Atlanta Nights is WAY more obvious than Bridges.

...on second thought, maybe only a little.

#31 ::: Skwid ::: (view all by) ::: February 09, 2005, 10:18 AM:

Rhandir, I do the same thing almost every time, but then I also read SF as San Francisco 2/3rds of the time, at least, and I've never even been there.

Teresa, I'd noticed some of the same image defects but didn't quite feel comfortable pointing them out given some of the...less than polite hypothesizing about what the appearance of the author might be that a friend of mine and I made.

Gryphon, while I'm not so sure about Arabian Nights ;-), I think there might be a certain resemblance to pieces of Atlanta Nights...I'm thinking of one chapter in particular in which no light is shed, no relevant story is told, nothing goes anywhere, nothing new is said, and no reason for existing is evident.

OTOH, whom he's edited by might be a sore spot in this neighbourhood...

#32 ::: Tealuvr ::: (view all by) ::: February 09, 2005, 10:42 AM:

OMG!!!! i heard u guys were talking about Travis Tea and ATALANTA NITES and i wanted to say that i heard that TRAVIS TEA IS JOS WEATON!!!!!! YES!!!!!!! But UPn wont let him say so because they own the rites to his name but i love jos so i will tell every body for him! I LUV U JOS!!!!!!!!!!!!!!

#33 ::: Daniel ::: (view all by) ::: February 09, 2005, 10:57 AM:

Steve Taylor wrote:

> Atlanta Nights, for all it's many sins,

This was either a slip of the finger or a very clever joke. ;p

#34 ::: Skwid ::: (view all by) ::: February 09, 2005, 11:36 AM:

"JOS WEATON"

This would be the love child of Wil and Joss, I suppose?

Curse you, Tealuvr, for making me go there!

*shudder*

#35 ::: Ken Houghton ::: (view all by) ::: February 09, 2005, 12:46 PM:

Chapter 7 is Adam-Troy Castro's. (I tried putting in a link to his website, but it's blocked by our corporate firewall, so I can't confirm that it works.)

Teresa: I read the book on vacation, and certainly thought that it sucked the life out of my body at least one afternoon (of the three it took).

#36 ::: alex ::: (view all by) ::: February 09, 2005, 12:50 PM:

Rhandir, I would be glad if 'PA' brought Penny Arcade to mind. Sadly, what I wind up thinking of whenever I see the abbreviation 'PA' is a particular body-piercing known as the 'Prince Albert'. Don't google for that at work, folks, or if there are easily-shocked aunts in the room. Suffice to say that it's a piercing that only a male can get, okay?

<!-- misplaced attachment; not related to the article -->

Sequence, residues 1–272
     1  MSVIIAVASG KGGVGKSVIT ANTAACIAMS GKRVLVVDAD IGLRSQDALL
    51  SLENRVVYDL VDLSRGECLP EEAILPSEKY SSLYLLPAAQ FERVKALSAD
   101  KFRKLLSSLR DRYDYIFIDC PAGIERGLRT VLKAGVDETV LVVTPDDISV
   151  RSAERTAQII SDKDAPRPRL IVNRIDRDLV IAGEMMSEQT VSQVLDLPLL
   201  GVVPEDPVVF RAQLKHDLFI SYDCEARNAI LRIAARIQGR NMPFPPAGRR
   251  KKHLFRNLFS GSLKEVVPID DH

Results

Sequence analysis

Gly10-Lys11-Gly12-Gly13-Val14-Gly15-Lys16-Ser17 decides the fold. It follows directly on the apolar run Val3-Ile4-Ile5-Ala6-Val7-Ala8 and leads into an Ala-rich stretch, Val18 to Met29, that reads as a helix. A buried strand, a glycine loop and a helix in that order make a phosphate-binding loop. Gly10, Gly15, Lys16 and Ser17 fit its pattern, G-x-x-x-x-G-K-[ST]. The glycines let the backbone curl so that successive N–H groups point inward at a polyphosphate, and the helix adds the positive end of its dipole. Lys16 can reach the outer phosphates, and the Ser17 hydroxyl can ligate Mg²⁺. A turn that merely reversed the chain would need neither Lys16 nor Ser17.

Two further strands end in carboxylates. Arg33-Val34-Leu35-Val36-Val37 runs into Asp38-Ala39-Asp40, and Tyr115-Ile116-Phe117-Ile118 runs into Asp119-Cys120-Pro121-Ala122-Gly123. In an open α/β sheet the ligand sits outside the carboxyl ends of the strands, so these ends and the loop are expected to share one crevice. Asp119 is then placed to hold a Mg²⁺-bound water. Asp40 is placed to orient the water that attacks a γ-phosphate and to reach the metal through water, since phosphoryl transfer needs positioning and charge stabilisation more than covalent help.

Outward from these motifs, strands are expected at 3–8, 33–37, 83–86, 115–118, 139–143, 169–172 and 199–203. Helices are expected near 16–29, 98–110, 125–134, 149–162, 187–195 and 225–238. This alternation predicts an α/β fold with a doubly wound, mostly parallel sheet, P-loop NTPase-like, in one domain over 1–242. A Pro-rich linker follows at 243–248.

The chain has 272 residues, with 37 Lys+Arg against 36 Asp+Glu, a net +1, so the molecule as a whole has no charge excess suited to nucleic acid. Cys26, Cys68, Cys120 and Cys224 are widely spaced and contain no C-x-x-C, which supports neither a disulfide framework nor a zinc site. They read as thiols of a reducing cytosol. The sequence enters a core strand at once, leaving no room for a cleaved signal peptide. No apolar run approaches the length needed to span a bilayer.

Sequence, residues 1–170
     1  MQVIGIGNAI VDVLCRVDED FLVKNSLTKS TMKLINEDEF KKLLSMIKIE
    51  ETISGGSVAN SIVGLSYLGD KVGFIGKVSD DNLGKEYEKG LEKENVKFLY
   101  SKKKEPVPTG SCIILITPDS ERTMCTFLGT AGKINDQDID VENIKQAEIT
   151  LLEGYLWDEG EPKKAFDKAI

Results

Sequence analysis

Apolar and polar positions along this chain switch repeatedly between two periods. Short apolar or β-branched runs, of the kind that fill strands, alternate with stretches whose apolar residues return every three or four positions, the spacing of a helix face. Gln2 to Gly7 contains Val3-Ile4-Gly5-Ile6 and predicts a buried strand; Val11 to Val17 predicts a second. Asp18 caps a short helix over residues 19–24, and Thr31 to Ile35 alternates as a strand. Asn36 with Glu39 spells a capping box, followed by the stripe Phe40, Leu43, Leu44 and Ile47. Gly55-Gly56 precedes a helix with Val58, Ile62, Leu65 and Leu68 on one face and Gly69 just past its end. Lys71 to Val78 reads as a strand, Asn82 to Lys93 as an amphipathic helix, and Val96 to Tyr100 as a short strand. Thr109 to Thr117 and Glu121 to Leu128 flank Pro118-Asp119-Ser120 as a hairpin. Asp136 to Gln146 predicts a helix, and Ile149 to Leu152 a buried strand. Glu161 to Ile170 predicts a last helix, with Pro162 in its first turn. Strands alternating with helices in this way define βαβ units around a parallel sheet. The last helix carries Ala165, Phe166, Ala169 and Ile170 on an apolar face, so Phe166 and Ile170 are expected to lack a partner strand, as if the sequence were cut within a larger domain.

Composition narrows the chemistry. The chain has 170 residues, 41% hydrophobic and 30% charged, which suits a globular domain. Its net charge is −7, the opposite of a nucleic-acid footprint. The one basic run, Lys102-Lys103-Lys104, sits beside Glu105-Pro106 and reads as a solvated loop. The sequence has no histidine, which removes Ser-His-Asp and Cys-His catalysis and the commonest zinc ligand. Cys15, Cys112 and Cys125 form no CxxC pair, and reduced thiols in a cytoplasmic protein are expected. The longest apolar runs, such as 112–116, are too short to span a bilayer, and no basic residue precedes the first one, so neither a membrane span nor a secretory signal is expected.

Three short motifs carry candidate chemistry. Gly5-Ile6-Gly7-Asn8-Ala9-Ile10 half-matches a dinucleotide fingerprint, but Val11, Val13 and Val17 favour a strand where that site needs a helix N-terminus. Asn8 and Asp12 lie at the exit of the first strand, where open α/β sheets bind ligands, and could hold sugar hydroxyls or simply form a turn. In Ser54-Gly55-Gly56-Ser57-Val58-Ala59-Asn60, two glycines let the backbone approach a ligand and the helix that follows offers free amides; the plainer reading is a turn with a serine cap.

#37 ::: Jason ::: (view all by) ::: February 09, 2005, 12:51 PM:

I can't find Miss Robinson's picture on the Author House page. Am I missing a link or did someone out there remove it before I woke up this morning? Perhaps in response to comments here?

#38 ::: Lisa Spangenberg ::: (view all by) ::: February 09, 2005, 12:54 PM:

I'm not sure I'd use Atlanta Nights in a writing or literature class, except as possibly an example of parody, and that's kind of iffy.

I used to teach using examples of what not to do, but I think it's better to teach from the positive than the negative. I'd especially avoid negative examples in writing classes; some of us seem to learn, without meaning to, to copy the negative examples. As a case in point, once I started teaching basic and remedial composition classes, reading around a hundred student papers a week, I started seeing it's and its used incorrectly more often than I saw them used correctly--and started sometimes missusing them myself [cringe]. I'd not confused them previously. I learned a bad habit. I've since discovered similar bad habits were learned by my peers in the paper grading trenches.

I no longer use negative exmples to teach with.

#39 ::: Teresa Nielsen Hayden ::: (view all by) ::: February 09, 2005, 12:54 PM:

Gryphon, that is indeed off-topic, but since you ask, I'll tell you that books by Jim Rigney/Robert Jordan are edited at every step of the way. Rigney is married to a very talented editor, Harriet McDougal, who's worked for Tor since approximately the dawn of time. To quote Beth Meacham, Harriet McDougal has forgotten more about editing than most editors ever know. I'll add that Harriet is not especially forgetful.

This arrangement is the source of Tom Doherty's line about Tor having Robert Jordan under 24-hour editorial surveillance.

This comment should not be taken as an invitation to ask a bunch of further questions about Robert Jordan.

#40 ::: Jonathan Vos Post ::: (view all by) ::: February 09, 2005, 01:48 PM:

Lisa Spangenberg: